This week President Trump is expected to end the Deferred Action for Childhood Arrivals (DACA) program that is keeping as many as 800,000 immigrant students from being deported. The Tucson community held a press conference (video above) and immigration activists are preparing for a sustained resistance that will begin once Trump triggers the beginning of the nightmare for DREAMers.
More than 1,850 leaders from around the country pleaded with President Trump on Wednesday to preserve an Obama administration program that protects DREAMers from deportation.
Trump is considering ending the Deferred Action for Childhood Arrivals program, or DACA, which President Barack Obama created. It has granted deportation protections to nearly 800,000 undocumented immigrants brought to the country as children.
Eight governors, five state attorneys general, more than 130 mayors, 230 state legislators, and a slew of faith leaders, judges, police chiefs and sheriffs signed onto a statement asking Trump to reconsider.
The vast majority of the signers are Democrats, including all the governors and attorneys general. They represent states ranging from California and Oregon to Minnesota, New York and Virginia.
The list includes several Republicans, as well, such as Miami Mayor Tomas Regalado and Aurora (Colo.) Mayor Steve Hogan.
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In the letter, the group highlights the economic contributions DREAMers have made to their communities since the program was created in 2012. They said the U.S. economy would lose $460 billion over the next decade if DACA were terminated. In addition, businesses would incur $3.4 billion in turnover costs to replace their DACA employees, who are given work permits under the program, the letter said.
Most importantly, the signers stressed the moral obligation of the U.S. to protect those undocumented immigrants, calling an end of the program “senselessly cruel.”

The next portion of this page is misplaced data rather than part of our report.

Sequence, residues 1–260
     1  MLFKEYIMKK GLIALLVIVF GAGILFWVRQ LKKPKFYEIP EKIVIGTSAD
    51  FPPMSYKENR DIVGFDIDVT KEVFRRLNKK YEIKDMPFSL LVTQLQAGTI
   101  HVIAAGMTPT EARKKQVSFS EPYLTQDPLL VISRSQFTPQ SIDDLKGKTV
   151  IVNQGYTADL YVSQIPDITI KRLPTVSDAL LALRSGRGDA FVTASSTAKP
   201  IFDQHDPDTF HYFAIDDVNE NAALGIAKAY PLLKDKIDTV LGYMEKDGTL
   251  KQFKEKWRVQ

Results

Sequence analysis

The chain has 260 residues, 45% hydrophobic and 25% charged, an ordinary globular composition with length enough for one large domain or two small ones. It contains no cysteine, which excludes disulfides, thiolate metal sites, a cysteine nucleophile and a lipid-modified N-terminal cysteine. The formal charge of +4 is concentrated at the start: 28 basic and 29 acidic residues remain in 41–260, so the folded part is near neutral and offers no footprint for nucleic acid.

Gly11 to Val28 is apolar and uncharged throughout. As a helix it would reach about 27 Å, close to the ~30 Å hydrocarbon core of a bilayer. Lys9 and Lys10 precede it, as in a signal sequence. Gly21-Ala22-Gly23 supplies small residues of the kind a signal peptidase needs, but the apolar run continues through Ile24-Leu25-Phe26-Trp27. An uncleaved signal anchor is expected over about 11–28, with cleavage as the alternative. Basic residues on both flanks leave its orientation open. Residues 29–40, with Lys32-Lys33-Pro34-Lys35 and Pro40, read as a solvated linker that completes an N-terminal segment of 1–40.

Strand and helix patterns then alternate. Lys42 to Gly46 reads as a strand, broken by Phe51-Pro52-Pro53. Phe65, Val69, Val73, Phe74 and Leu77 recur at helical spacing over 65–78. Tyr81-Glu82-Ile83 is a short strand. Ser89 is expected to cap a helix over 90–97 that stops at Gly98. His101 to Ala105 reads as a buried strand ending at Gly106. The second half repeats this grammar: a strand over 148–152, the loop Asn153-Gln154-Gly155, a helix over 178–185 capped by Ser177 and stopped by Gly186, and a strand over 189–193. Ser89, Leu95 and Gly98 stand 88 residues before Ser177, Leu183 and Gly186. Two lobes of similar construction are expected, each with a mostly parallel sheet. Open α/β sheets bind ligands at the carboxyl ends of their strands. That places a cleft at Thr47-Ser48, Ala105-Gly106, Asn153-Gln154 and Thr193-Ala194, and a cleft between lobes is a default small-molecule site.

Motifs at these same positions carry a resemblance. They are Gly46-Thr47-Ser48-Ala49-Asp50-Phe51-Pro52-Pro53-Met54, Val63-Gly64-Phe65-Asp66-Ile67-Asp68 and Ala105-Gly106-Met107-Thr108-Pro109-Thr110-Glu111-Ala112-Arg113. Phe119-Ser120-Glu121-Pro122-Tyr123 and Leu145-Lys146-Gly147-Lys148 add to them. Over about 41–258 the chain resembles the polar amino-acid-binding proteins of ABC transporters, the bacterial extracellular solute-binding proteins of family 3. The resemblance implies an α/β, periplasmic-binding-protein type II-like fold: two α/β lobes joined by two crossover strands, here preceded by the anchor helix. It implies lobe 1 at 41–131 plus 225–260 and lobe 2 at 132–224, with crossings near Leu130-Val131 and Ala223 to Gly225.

via USA Today.
What Is DACA?
Deferred Action for Childhood Arrivals (DACA) is a kind of administrative relief from deportation. The purpose of DACA is to protect eligible immigrant youth who came to the United States when they were children from deportation. DACA gives young undocumented immigrants: 1) protection from deportation, and 2) a work permit. The program expires after two years, subject to renewal.
What Are The Requirements For DACA?
- You were under 31 years old as of June 15, 2012;
- You first came to the United States before your 16th birthday;
- You have lived continuously in the United States from June 15, 2007 until the present;
- You were physically present in the United States on June 15, 2012 and at the time you apply;
- You came to the United States without documents before June 15, 2012, or your lawful status expired as of June 15, 2012;
- You are currently studying, or you graduated from high school or earned a certificate of completion of high school or GED, or have been honorably discharged from the Coast Guard or military (technical and trade school completion also qualifies); and
- You have NOT been convicted of a felony, certain significant misdemeanors (including a single DUI), or three or more misdemeanors of any kind. Consult with an attorney about ANY contact you have had with law enforcement or immigration authorities.